Concurrent with his work at Harvard, Welch served as special consultant in charge in the Department of Islamic Art at the Metropolitan Museum of Art from 1979 to 1987. He was instrumental in making many important acquisitions that greatly enhanced the Metropolitan Museum’s collection and, in 1985, organized the groundbreaking exhibition India: Art and Culture, 1300–1900, a comprehensive presentation of over three hundred works including masterpieces of the sacred and court traditions that ranks among his greatest achievements as a curator.

Welch’s scholarship, particularly in the fields of Persian and Indian painting and drawing, served as the foundation for many important exhibitions and accompanying publications, including The Art of Mughal India, Paintings and Precious Objects (1964), the first important American exhibition devoted to Mughal art; Gods, Thrones, and Peacocks: Northern Indian Painting from Two Traditions, Fifteenth to Nineteenth Centuries (1965); Room for Wonder: Indian Painting during the British Period, 1760–1880 (1978); Wonders of the Age: Masterpieces of Early Safavid Painting, 1501–1576 (1979); Gods, Kings, and Tigers: The Art of Kotah (1997); and From Mind, Heart, and Hand: Persian, Turkish, and Indian Drawings from the Stuart Cary Welch Collection (2004), an exhibition of drawings from Welch’s landmark gift to Harvard in 1999 of over three hundred works.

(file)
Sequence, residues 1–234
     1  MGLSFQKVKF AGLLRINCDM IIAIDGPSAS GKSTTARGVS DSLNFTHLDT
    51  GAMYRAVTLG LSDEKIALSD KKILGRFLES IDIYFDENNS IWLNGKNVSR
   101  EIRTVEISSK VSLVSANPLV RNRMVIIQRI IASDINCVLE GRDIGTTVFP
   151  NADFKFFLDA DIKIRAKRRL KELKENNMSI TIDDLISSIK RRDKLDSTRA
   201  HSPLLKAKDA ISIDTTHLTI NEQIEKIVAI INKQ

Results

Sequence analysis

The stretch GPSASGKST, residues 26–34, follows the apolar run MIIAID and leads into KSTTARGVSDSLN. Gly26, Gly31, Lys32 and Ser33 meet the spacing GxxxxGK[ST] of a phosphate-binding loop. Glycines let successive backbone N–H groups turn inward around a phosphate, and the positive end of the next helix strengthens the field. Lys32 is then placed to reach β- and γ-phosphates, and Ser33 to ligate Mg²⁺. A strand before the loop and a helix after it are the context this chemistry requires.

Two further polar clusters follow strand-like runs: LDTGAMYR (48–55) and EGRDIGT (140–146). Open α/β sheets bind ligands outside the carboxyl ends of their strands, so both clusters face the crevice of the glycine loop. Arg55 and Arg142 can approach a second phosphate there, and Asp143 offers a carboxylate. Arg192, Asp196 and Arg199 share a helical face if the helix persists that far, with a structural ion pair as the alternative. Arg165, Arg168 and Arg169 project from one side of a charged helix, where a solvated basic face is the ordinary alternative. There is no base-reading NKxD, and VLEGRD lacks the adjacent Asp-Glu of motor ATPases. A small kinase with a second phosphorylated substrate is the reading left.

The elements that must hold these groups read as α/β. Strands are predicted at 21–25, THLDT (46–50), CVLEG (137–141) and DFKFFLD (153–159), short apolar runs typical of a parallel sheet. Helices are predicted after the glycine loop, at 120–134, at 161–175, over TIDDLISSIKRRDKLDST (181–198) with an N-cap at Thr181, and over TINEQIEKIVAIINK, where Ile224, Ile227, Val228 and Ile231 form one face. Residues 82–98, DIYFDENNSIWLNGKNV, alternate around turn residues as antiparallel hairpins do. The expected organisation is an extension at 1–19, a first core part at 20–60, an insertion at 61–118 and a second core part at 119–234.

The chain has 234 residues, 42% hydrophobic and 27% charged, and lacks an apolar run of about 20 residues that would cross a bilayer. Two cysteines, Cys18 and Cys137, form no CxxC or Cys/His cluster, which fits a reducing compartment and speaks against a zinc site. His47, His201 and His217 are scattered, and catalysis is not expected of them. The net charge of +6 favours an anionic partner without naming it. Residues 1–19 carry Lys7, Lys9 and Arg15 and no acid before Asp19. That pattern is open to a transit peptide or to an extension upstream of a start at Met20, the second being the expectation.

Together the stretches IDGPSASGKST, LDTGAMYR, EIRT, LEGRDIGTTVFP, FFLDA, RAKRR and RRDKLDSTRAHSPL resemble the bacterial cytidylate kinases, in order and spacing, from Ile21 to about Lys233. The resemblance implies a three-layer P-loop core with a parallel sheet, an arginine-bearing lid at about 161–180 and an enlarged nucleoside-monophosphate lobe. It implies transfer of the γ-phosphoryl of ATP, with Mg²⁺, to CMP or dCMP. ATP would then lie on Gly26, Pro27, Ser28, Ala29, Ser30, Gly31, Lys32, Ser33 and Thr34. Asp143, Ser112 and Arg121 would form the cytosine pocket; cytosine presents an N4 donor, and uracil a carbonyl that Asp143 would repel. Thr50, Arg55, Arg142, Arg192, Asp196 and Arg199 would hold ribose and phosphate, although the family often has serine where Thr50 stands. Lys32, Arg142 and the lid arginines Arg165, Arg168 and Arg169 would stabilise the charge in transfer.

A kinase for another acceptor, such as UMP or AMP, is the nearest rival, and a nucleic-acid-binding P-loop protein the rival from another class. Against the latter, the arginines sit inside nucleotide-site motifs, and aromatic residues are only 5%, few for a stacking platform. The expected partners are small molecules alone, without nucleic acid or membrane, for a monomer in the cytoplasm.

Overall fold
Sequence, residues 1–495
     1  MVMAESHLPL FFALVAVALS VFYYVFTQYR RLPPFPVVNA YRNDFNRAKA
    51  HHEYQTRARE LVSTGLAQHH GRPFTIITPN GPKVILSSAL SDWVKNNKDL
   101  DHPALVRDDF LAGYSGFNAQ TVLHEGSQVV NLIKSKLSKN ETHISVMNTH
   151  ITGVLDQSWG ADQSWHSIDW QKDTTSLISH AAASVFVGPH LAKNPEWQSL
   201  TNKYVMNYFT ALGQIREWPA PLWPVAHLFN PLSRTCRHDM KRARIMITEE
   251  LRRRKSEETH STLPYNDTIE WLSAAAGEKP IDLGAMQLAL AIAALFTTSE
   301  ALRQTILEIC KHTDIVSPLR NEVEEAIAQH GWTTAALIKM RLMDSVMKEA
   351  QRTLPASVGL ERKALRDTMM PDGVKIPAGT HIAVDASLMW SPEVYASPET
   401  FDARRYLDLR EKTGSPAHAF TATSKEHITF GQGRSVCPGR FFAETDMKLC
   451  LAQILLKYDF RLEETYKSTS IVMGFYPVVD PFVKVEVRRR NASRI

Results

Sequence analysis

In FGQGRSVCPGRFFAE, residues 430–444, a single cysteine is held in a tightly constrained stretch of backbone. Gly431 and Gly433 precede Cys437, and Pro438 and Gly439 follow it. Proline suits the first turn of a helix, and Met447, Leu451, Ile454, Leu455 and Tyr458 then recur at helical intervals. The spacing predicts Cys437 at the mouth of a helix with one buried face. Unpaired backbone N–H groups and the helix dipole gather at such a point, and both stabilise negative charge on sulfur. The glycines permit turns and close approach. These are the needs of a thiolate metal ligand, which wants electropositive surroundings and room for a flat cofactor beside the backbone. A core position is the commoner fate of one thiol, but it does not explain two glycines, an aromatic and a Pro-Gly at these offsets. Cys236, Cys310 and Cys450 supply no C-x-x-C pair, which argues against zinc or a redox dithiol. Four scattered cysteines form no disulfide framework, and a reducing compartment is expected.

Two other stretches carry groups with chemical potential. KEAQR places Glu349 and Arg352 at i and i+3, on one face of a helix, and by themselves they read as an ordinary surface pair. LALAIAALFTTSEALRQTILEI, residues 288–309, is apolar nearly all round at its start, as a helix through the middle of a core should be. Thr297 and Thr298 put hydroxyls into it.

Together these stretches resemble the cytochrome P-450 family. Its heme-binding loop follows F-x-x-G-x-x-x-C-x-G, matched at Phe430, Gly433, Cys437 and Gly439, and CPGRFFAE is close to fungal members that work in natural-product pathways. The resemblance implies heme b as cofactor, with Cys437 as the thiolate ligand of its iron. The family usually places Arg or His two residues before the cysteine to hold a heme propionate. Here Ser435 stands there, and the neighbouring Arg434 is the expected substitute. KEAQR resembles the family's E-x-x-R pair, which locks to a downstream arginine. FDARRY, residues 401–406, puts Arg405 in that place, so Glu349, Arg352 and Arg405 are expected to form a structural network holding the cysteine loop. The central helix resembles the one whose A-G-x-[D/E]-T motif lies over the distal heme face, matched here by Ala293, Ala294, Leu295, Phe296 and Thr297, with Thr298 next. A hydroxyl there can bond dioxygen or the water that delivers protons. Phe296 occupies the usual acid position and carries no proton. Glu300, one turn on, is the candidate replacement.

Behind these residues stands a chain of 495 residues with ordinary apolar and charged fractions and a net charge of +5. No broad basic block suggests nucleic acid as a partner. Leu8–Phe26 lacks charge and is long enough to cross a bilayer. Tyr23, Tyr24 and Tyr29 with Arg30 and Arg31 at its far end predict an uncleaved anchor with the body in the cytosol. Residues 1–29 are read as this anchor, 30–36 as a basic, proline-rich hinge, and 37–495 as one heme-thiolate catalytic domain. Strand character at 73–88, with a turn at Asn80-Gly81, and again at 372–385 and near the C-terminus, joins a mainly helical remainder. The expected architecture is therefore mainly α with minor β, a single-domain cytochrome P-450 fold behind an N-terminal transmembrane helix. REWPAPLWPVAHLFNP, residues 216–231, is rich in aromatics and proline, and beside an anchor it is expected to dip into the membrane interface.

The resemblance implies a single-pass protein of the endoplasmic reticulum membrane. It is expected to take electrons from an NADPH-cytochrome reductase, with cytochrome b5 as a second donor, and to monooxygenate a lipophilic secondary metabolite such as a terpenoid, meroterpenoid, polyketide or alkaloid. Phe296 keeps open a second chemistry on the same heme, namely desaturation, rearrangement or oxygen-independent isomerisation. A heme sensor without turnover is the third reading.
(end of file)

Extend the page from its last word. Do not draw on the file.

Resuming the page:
Welch produced countless exhibitions over the forty years that he spent at Harvard, many of which may have been small in size, but which always tended toward the visual and poetic. His last exhibition is the first in a series entitled Perspectives that is part of the long-term exhibition Re-View at the Harvard Art Museum/Arthur M. Sackler Museum. The small installation, titled Tree of Life: Five Indian Variations on a Theme, includes just five works of art but is characteristic of Welch’s vision and approach. It opened in April 2008, just a few days after Welch’s eightieth birthday.

Considered his greatest scholarly achievement was the immense, two-volume study of The Houghton Shahnameh, coauthored with Martin B. Dickson of Princeton University, which focused on the great early Safavid dynasty copy of the Persian national epic executed for the Safavid ruler and patron of the arts Shah Tahmasp (r. 1524–1576). Welch’s insights fundamentally changed the way scholars thought about the development of early Safavid painting, demonstrating that it was, in fact, a brilliant synthesis of the earlier Timurid and Turkman styles of painting.

Welch’s numerous exhibitions, publications, public lectures, and years of teaching propelled the study and appreciation of Islamic and Indian art to new heights, educating and enlightening generations of students, scholars, and museum visitors.

Filed under: Obituaries